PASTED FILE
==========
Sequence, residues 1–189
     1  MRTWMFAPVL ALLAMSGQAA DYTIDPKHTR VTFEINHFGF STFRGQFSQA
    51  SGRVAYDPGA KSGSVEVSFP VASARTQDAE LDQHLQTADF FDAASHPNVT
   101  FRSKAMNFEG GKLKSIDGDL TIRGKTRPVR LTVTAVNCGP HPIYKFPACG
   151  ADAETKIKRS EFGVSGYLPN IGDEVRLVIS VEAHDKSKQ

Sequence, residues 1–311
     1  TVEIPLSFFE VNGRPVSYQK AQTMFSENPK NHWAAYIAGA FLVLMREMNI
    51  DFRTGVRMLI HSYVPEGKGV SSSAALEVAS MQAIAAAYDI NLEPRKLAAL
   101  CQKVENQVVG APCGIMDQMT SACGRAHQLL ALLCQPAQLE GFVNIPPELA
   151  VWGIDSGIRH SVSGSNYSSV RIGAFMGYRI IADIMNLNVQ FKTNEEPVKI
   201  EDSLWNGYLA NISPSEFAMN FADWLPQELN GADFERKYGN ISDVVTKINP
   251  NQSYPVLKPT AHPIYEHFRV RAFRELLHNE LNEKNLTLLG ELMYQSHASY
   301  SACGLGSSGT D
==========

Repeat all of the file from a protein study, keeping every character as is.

Sequence, residues 1–189
     1  MRTWMFAPVL ALLAMSGQAA DYTIDPKHTR VTFEINHFGF STFRGQFSQA
    51  SGRVAYDPGA KSGSVEVSFP VASARTQDAE LDQHLQTADF FDAASHPNVT
   101  FRSKAMNFEG GKLKSIDGDL TIRGKTRPVR LTVTAVNCGP HPIYKFPACG
   151  ADAETKIKRS EFGVSGYLPN IGDEVRLVIS VEAHDKSKQ

Sequence, residues 1–311
     1  TVEIPLSFFE VNGRPVSYQK AQTMFSENPK NHWAAYIAGA FLVLMREMNI
    51  DFRTGVRMLI HSYVPEGKGV SSSAALEVAS MQAIAAAYDI NLEPRKLAAL
   101  CQKVENQVVG APCGIMDQMT SACGRAHQLL ALLCQPAQLE GFVNIPPELA
   151  VWGIDSGIRH SVSGSNYSSV RIGAFMGYRI IADIMNLNVQ FKTNEEPVKI
   201  EDSLWNGYLA NISPSEFAMN FADWLPQELN GADFERKYGN ISDVVTKINP
   251  NQSYPVLKPT AHPIYEHFRV RAFRELLHNE LNEKNLTLLG ELMYQSHASY
   301  SACGLGSSGT D